Allende-Pinochet, the Debate Continued

On 15 February 2012, Jeremy, having read my article on PBS's Allende-Pinochet documentary (, wrote the following:

nonymousI know this is old, but I have to vehemently disagree with this exercise in Pinochet apologetics.

Pinochet secured his power by engaging in widespread, systematic mass murder and human rights violations; Allende did not. It is simply not valid to draw a parallel between the two in terms of "crimes against humanity."

Your argument for Allende's campaign of "torture and murder" is based on a series of fallacious appeals to authority. You can't use the contemporary accusations of opposition figures like Aylwin and Frei as sufficient evidence. All you've proven with your response to Mr. Letelier is that Allende's opposition opposed him. For what it's worth, Aylwin was grossly exaggerating Allende's military power (armed groups in the rural areas were weak, and largely outside of Allende's control), and I don't see how Frei's call for a military coup supports your argument. Again, it tells us about the polarization of the time, but what of Allende's supposed torture and murder? Pinochet's brutality, on the other hand, is beyond dispute.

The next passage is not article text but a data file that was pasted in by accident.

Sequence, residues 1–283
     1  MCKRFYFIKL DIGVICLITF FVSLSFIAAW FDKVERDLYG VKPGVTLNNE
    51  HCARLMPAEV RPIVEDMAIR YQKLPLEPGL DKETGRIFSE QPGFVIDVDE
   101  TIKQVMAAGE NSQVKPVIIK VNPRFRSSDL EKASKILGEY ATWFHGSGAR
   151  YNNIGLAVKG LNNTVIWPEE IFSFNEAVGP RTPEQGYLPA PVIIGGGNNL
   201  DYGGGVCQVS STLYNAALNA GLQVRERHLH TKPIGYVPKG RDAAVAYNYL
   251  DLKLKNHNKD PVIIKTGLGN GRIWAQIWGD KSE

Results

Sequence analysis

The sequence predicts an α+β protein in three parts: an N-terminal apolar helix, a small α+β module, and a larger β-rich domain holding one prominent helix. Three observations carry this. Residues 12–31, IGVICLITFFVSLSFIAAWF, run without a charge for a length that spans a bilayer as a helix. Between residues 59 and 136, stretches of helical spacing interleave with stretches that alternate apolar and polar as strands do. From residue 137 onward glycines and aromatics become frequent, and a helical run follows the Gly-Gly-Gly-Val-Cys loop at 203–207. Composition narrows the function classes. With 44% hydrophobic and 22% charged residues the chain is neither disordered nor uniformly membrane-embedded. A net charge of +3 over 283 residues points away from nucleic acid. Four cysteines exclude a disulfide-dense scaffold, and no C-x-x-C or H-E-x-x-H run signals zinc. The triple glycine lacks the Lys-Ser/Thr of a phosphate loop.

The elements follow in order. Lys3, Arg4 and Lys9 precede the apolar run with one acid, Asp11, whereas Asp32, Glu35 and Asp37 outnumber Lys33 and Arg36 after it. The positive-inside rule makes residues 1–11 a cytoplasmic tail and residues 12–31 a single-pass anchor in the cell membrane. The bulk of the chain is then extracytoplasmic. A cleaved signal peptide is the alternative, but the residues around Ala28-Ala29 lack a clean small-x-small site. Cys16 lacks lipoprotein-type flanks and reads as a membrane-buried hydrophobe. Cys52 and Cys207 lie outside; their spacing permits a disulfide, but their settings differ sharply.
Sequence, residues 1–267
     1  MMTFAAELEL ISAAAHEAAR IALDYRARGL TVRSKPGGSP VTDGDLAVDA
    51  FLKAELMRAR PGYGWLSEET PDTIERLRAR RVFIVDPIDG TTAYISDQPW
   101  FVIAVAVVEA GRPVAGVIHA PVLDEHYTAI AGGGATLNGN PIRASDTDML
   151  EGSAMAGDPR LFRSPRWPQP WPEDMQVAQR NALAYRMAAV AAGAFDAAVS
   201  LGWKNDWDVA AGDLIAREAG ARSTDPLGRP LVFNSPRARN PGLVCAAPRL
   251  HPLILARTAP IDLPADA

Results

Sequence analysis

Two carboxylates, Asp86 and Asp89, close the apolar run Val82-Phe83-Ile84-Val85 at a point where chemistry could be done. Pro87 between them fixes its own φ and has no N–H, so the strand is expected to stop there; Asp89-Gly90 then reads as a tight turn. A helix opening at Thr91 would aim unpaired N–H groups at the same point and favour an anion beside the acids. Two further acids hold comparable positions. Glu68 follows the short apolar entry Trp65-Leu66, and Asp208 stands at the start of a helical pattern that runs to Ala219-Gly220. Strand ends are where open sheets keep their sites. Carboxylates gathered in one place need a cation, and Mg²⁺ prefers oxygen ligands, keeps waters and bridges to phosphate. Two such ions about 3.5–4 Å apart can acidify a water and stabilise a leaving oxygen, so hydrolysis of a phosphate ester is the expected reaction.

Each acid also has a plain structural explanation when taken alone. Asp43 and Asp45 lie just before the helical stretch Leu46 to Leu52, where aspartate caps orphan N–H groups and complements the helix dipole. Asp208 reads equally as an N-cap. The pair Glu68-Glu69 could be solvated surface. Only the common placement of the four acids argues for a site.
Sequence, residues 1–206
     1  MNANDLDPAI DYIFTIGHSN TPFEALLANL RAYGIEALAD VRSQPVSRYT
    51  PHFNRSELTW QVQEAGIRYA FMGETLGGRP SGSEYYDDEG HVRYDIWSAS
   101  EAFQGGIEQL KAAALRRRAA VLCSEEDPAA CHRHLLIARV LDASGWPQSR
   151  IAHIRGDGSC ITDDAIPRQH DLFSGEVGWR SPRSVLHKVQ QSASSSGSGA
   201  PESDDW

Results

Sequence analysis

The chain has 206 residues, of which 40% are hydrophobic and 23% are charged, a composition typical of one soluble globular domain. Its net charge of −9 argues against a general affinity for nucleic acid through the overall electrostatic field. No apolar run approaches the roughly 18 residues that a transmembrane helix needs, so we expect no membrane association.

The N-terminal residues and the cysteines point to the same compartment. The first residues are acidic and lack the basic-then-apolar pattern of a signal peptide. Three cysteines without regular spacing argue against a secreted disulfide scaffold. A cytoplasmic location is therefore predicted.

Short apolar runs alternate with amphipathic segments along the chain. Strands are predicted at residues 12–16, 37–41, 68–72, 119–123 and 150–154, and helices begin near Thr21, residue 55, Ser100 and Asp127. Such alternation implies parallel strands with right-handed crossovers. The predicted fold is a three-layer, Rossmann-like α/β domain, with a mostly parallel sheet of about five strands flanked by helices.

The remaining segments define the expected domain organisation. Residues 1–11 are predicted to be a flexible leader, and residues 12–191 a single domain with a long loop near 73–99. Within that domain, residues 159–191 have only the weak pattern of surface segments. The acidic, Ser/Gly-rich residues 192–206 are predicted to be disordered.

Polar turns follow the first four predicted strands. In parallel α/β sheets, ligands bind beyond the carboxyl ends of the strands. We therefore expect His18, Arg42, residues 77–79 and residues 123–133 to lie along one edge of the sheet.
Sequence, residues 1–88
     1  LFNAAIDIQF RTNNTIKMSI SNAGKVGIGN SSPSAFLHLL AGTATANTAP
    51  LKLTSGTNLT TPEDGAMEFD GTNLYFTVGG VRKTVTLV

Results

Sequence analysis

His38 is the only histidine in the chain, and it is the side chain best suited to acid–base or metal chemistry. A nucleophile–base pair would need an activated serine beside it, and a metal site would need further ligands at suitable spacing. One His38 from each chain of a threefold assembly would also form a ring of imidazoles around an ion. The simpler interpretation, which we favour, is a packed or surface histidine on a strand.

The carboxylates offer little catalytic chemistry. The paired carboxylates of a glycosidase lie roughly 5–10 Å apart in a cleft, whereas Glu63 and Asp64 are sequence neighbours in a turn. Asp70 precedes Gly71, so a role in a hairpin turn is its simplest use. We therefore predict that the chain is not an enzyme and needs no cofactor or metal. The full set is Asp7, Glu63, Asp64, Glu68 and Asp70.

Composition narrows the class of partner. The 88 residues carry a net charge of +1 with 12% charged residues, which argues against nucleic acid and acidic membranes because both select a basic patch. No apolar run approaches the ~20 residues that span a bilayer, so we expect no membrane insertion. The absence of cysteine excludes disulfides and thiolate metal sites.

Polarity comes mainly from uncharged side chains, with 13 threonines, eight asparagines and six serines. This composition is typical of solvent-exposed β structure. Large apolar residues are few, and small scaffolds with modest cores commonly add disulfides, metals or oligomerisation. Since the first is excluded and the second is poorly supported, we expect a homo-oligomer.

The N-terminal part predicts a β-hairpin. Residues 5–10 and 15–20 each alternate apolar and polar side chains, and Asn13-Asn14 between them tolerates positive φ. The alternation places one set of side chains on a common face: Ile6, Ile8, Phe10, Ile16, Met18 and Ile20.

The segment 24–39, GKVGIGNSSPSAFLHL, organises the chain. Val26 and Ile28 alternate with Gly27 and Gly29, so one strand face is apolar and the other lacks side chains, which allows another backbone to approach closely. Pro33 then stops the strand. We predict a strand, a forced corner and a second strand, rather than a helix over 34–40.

And do you really believe, based on the testimony of a single disillusioned guerilla, that Allende and co. were planning to export violent revolution, in the Western Hemisphere, during the Cold War, with the US already hostile to them? It doesn't take Henry Kissinger to figure out that's suicidal. Again, the evidence provided is insufficient to support your claim. One accusation of a supposed future conspiracy does not put Allende any closer to the level of Pinochet.

Finally, your assertion that "whereas Allende left Chile in shambles, Pinochet—unlike any other dictator who comes readily to mind—left his country much better off for his tenure" is a gross oversimplification. Could you make a serious argument for this? Yes, it's a complex topic. Can you do it in one sentence? No.

Of course it's true that Allende's administration was an economic and political disaster after the first year. But you can't just ignore Pinochet's brutality when declaring that he made Chile a better place. You're discounting the lasting effects on Chilean society, politics, culture, and victims' families. Even if, for the sake of argument, you leave that aside and consider only economics, the situation is not that clear-cut. Pinochet did effect a large increase in GDP. But that's only one indicator. Under Pinochet, real wages remained stagnant for almost twenty years, and unemployment and poverty skyrocketed. These situations only improved when Pinochet loosened his grip and allowed Aylwin to claw back the most extreme neoliberal policies. So Pinochet and the Chicago Boys facilitated economic growth; but I think if you asked the average worker, peasant, or Mapuche, they'd have a different take on Pinochet's economic policy.

If you want to make a serious historical comparison here, you need to find some sources that are more balanced and credible than the accusations of Allende's opposition. I suggest Collier and Sater's "A History of Chile," as well as the following article from The Economist:

February 15, 2012 3:03 AM

Here is the Economist article Jeremy directs us to